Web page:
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I Laughed, I Cried, I Clicked 'Refresh' Until He Posted Another Picture

Humans of New York, by Brandon Stanton, is a crazy popular site, featuring his journalistic photographs of people in the city along with a word or two from the subject. They're by turns heartbreaking and giggle-inducing. The U.N. invited Brandon to take his camera past the five boroughs and into the great world beyond on an epic, 50-day tour.

"I’m studying to be a lawyer. He likes books about frogs." (Kasangulu, Democratic Republic of Congo)


"We just want to be together and not be afraid." (Erbil, Iraq)

"She shares her yogurt with me." (Nairobi, Kenya)

"If you speak gently, you’ll find good people wherever you go. If you find a bad person, just move on to the next person." (Petra, Jordan)

"This one likes photos too much. If he takes one more photo, I will break his camera. But don’t translate that." (Zaatari Refugee Camp, Jordan)

The U.N. sent Brandon around the world to draw attention to the Millennium Development Goals. These goals, created in 2000, were pretty audacious, like eradicating extreme poverty and reducing the number of women dying in childbirth by 75% (as compared to 1990 numbers). The deadline is 2015. You'd be amazed at how far we've come, but there's still more to do.

For me, these photos have the same effect as the famous Pale Blue Dot image taken from space — serving as a reminder that, no matter what happens, we're all in this together. Share this with the humans in your life, OK?

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It takes a special type of person to become a nurse. The job requires a combination of energy, empathy, clear mind, oftentimes a strong stomach, and a cheerful attitude. And while people typically think of nursing in a clinical setting, some nurses are driven to work with the people that feel forgotten by society.

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Prior to baby formula, breastfeeding was the norm, but that doesn't mean it always worked.

As if the past handful of years weren't challenging enough, the U.S. is currently dealing with a baby formula crisis.

Due to a perfect storm of supply chain issues, product recalls, labor shortages and inflation, manufacturers are struggling to keep up with formula demand and retailers are rationing supplies. As a result, families that rely on formula are scrambling to ensure that their babies get the food they need.

Naturally, people are weighing in on the crisis, with some throwing out simplistic advice like, "Why don't you just do what people did before baby formula was invented and just breastfeed?"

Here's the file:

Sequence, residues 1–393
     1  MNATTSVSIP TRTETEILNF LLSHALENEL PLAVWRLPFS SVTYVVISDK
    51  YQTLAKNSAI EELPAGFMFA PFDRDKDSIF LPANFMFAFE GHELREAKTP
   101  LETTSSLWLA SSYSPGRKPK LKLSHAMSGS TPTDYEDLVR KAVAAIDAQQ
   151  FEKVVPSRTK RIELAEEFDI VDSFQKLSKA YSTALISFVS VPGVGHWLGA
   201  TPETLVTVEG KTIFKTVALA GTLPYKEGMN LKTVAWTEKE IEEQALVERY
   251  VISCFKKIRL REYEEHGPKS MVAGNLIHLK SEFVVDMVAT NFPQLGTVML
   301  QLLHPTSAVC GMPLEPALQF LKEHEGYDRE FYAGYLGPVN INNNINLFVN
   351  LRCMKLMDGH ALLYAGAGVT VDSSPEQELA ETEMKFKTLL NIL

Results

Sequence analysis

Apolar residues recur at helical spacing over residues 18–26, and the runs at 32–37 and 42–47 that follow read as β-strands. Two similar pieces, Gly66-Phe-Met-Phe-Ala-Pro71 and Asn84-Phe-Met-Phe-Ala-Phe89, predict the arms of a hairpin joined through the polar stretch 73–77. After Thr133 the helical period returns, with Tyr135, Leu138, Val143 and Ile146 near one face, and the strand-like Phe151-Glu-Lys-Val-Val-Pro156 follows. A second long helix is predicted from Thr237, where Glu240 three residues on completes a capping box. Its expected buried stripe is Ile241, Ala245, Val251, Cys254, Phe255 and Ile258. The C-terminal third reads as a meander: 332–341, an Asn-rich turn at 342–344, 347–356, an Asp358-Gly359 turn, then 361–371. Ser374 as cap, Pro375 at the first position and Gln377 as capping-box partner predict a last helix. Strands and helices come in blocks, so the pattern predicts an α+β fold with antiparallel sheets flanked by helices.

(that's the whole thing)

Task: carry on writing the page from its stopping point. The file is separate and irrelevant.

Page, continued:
That might seem logical, unless you understand how breastfeeding works and know a bit about infant mortality throughout human history.

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Courtesy of Elaine Ahn

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The energy in a hospital can sometimes feel overwhelming, whether you’re experiencing it as a patient, visitor or employee. However, there are a few one-of-a-kind individuals like Elaine Ahn, an operating room registered nurse in Diamond Bar, California, who thrive under this type of constant pressure.

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via Pexels

Your cat knows you better than you think.

Cats are often seen as being aloof or standoffish, even with their owners. Of course, that differs based on who that cat lives with and their lifetime of experience with humans. But when compared to man’s best friend, cats usually seem less interested in those around them, regardless of species.

However, a new study out of Japan has found that cats may be paying more attention to their fellow felines and human friends than most people thought. In fact, they could be listening to human conversations.

"What we discovered is astonishing," Saho Takagi, a research fellow specializing in animal science at Azabu University in Kanagawa Prefecture, told The Asahi Shimbun. "I want people to know the truth. Felines do not appear to listen to people's conversations, but as a matter of fact, they do."

How do we know they’re listening? Because the study shows that household cats often know the names of their human and feline friends.

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Emily Calandrelli was stopped by TSA agents when she tried to bring her ice packs for pumped milk through airport security.

Traveling without your baby for the first time can be tough. And if you're breastfeeding, it can be even tougher, as you have to pump milk every few hours to keep your body producing enough, to avoid an enormous amount of discomfort and to prevent risk of infection.

But for Emily Calandrelli, taking a recent work trip away from her 10-week-old son was far more challenging than it needed to be.

Calandrelli is a mom of two, an aerospace engineer and the host of the Netflix kids' science show "Emily's Wonder Lab." She was recently taking her first work trip since welcoming her second child, which included a five-hour flight from Los Angeles to Washington, D.C. Calandrelli is breastfeeding her son and had planned to pump just before boarding the plane. She brought ice packs to keep the milk from spoiling during the flight, but when she tried to go through airport security, the TSA agents refused to let her take some of her supplies.

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